When this first cropped up in the news, I thought it was just some sort of outlier. Here in the Empire State, where one of the nastiest gun grabbing laws in recent memory was passed last month, USA Today reported that some gun companies were refusing to do business with law enforcement agencies, claiming that they supported the citizens more than the government.

Some gun manufacturers say they will no longer sell their firearms to New York law enforcement agencies after the state passed a broad assault-weapons ban last month.

At least five companies have said they won’t sell to New York police since Gov. Andrew Cuomo signed the Safe Ammunition and Firearms Enforcement Act in January. The bill, known as the NY SAFE Act, included a ban on any semi-automatic rifles or shotguns with “military-style” features, such as a pistol grip or a folding stock.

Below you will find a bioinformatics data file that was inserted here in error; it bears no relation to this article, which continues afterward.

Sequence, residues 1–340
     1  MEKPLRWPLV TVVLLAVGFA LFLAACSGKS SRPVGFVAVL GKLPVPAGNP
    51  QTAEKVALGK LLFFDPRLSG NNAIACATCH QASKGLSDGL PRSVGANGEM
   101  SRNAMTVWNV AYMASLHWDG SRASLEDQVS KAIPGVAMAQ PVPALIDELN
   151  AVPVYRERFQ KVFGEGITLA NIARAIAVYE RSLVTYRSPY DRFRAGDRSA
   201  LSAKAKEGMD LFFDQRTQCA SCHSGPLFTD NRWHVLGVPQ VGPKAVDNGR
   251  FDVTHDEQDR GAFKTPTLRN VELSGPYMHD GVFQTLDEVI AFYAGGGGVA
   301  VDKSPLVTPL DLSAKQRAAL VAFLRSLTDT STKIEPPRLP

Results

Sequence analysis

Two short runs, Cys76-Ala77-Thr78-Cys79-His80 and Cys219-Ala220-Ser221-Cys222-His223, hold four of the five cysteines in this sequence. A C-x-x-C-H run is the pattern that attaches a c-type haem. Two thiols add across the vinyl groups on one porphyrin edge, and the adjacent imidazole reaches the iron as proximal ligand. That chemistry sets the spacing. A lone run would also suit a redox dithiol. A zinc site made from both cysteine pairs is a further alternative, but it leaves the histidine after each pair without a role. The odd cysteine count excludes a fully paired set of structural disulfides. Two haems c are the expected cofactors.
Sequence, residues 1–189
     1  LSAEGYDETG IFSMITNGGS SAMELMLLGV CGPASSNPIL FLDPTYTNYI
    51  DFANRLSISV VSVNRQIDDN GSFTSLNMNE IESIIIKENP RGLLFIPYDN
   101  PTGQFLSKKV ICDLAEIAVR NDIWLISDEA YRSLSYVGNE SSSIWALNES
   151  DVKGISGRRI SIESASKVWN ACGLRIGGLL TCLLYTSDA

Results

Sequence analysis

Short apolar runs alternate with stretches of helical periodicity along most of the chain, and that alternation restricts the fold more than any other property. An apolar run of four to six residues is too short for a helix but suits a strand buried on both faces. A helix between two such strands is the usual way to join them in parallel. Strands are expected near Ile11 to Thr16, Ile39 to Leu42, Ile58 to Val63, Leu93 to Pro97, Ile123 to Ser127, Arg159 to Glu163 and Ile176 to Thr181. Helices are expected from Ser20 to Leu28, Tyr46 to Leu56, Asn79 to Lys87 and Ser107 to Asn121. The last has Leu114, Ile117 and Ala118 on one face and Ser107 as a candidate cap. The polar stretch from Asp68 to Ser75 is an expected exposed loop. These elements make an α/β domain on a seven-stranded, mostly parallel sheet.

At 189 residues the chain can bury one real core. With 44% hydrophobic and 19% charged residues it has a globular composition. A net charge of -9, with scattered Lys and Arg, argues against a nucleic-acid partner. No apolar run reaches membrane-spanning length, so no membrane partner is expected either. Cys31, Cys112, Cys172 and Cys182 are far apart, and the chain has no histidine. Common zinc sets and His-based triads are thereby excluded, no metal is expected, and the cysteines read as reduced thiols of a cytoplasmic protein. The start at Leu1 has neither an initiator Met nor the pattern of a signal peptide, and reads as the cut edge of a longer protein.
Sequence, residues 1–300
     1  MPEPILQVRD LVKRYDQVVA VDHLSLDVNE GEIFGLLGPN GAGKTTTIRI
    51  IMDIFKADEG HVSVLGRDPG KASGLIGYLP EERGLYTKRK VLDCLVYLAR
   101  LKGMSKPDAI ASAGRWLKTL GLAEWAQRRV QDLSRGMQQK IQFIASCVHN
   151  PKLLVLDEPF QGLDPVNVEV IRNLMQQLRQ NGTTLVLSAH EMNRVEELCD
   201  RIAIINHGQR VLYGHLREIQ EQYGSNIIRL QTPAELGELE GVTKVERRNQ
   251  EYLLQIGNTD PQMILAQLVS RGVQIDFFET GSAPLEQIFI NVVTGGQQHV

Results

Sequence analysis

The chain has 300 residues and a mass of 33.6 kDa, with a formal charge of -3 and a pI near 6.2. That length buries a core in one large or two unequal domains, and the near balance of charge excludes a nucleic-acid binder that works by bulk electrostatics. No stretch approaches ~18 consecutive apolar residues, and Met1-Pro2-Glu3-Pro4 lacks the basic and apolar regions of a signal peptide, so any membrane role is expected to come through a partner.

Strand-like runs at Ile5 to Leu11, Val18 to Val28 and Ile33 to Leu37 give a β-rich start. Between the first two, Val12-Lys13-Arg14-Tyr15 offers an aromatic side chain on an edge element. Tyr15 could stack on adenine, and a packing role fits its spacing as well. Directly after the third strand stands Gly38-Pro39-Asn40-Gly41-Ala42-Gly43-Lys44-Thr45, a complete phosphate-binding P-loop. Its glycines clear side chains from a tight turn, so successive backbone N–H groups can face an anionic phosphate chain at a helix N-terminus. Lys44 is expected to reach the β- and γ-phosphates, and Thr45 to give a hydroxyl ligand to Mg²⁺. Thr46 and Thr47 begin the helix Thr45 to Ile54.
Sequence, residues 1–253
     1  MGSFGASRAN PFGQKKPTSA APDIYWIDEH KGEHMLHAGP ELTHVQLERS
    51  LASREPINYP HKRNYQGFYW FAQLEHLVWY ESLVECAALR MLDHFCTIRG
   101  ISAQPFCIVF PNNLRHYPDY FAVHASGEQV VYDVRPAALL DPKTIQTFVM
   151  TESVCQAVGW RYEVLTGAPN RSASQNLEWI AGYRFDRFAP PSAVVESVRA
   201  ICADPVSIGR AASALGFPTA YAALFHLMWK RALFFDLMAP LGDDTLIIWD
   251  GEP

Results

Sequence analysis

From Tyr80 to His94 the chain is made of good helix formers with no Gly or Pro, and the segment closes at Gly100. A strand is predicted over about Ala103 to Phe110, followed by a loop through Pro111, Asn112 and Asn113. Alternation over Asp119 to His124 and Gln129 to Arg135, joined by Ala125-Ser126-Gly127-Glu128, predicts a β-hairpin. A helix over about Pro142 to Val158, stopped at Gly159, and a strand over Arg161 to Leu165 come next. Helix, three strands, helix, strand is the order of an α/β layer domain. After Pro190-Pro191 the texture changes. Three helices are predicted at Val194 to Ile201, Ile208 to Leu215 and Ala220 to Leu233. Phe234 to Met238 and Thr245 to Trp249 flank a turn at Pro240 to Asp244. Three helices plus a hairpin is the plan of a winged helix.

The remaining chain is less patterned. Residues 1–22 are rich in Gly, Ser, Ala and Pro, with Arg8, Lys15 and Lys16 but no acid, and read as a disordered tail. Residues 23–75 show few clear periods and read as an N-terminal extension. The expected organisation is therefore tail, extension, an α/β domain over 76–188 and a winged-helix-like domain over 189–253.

The companies included Olympic Arms, LaRue Tactical, York Arms, Templar Custom and EFI. I had immediate mixed emotions about the story. On the one hand, I was pleased to see the industry putting principle ahead of profit in standing up to such an odious law. But at the same time, I was sympathetic to our first responders, not wanting to see them in a situation where they might have less access to the tools for their job when it wasn’t the cops who crafted these laws, but the politicians. But, as I said, it seemed like an isolated thing, and they would surely find other resources for tactical weapons, so I didn’t pay it much mind.